“The cool thing was I would just talk to people about ‘How do you practice, what do you practice?’” Aker said. “Most of it was realizing that they (Aldana and Oatts) all deal with the same things, but they’re much more effective practicers.”

Aker said he began frequently listening, transcribing and practicing rudimentary things he hadn’t practiced since high school. That’s when he reached out to Kansas City saxophonist Matt Otto, associate professor of jazz studies at the University of Kansas.

Aker said the first Zoom lesson began with Otto asking him to play something fast, something slow, and finally to sing the base notes. Singing the base notes was a struggle for Aker.

Otto said Aker had lost touch with his ears since college, with musical phrases stuck under his fingers that he had been repeating for twenty years.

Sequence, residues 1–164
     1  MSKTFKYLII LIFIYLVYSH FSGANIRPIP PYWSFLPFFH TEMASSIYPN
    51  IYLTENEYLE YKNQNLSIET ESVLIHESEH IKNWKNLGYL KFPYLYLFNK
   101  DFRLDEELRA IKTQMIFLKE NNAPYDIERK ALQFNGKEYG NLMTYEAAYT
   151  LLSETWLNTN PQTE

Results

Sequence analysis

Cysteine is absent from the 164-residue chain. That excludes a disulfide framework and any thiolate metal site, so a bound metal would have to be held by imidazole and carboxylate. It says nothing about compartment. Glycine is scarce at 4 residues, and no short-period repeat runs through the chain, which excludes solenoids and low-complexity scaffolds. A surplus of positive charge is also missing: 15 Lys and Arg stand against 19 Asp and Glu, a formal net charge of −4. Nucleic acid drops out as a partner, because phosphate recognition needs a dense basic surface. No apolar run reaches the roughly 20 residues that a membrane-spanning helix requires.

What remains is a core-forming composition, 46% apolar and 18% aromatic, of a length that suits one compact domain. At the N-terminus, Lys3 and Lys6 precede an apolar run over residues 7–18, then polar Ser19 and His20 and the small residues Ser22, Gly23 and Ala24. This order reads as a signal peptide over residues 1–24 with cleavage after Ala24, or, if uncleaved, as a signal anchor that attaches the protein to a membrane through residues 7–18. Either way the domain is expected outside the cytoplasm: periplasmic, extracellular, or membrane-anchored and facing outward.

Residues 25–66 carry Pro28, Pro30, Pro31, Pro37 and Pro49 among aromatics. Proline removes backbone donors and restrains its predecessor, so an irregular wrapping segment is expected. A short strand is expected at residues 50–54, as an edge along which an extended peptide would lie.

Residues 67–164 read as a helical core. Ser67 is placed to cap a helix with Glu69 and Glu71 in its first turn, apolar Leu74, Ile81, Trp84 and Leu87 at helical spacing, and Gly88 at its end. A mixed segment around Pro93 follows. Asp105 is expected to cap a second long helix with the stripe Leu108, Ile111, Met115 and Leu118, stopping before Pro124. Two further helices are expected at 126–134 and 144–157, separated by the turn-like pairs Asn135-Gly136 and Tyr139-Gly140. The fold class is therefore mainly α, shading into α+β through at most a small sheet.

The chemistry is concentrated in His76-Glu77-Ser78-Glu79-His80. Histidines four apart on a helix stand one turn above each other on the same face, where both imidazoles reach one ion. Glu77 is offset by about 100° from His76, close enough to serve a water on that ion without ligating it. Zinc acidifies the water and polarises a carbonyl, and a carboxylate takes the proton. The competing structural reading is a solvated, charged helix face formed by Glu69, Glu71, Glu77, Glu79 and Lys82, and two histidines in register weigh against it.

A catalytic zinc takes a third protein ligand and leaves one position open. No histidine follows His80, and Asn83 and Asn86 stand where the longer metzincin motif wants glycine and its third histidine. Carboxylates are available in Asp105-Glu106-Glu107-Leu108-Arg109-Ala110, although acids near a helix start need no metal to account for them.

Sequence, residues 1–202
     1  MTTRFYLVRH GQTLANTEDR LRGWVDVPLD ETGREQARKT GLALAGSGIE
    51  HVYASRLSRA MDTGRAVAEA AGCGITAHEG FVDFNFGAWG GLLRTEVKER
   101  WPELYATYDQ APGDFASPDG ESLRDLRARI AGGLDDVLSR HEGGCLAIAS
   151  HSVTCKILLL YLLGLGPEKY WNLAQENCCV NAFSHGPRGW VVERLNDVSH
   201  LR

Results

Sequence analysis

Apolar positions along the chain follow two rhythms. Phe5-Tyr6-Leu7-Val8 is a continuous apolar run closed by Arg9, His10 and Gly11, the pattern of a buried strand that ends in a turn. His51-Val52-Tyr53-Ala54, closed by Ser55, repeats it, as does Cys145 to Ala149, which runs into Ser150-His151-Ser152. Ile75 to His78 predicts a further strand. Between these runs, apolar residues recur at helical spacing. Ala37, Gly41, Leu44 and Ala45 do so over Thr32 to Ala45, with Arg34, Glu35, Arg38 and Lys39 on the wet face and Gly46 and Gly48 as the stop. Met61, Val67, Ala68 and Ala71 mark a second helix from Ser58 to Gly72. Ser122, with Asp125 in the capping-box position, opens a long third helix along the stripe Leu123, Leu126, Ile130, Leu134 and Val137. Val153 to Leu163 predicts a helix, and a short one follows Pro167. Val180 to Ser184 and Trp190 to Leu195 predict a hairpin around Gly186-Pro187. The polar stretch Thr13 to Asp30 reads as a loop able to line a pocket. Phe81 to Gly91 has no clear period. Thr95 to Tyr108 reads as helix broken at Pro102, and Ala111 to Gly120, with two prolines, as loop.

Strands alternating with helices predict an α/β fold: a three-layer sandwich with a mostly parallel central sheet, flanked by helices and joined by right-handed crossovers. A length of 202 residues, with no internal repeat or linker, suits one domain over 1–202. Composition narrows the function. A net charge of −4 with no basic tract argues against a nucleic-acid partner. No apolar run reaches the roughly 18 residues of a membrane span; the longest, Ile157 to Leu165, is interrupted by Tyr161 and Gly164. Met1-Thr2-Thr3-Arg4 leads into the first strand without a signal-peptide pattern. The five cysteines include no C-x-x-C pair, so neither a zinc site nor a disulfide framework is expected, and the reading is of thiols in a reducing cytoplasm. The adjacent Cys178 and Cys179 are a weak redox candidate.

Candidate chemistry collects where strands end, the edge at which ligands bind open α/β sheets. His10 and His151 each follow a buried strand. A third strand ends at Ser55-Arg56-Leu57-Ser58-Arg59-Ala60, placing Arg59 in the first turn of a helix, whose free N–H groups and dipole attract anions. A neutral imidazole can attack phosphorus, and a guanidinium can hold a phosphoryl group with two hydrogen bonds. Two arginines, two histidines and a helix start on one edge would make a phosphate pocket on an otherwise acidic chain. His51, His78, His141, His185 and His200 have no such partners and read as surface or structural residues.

“Everything he was saying finally put into words how I felt,” Aker said.

Following their meeting, Aker went into a self-described “Marine boot camp for saxophone.” Otto helped Aker get back to the singing and hearing aspects of music.

“Most of my lessons and most of my practice was putting on a backing track and singing along with the backing track,” said Aker said. “Then learning to play on my horn, the solo I sang.”

Aker said Otto’s whole point is that if you are not playing the horn, then what you sing over a backing track is who you actually are. It isn’t licks and phrases that your hands have memorized, and it isn’t limited by your technical ability.

“Matt Otto kind of broke me down to a shell of my former self, and then helped me to build up.”

Coming out of the pandemic, Aker finds himself optimistic as people are coming back to the live music scene. He is looking forward to showcasing what he learned over the lockdowns to his audience.

“They want to be around music-making in public, which I think is pretty awesome.” Aker said.

Edited by Egan Ward |
Copy edited by Shirin Xavier and Jacob Richey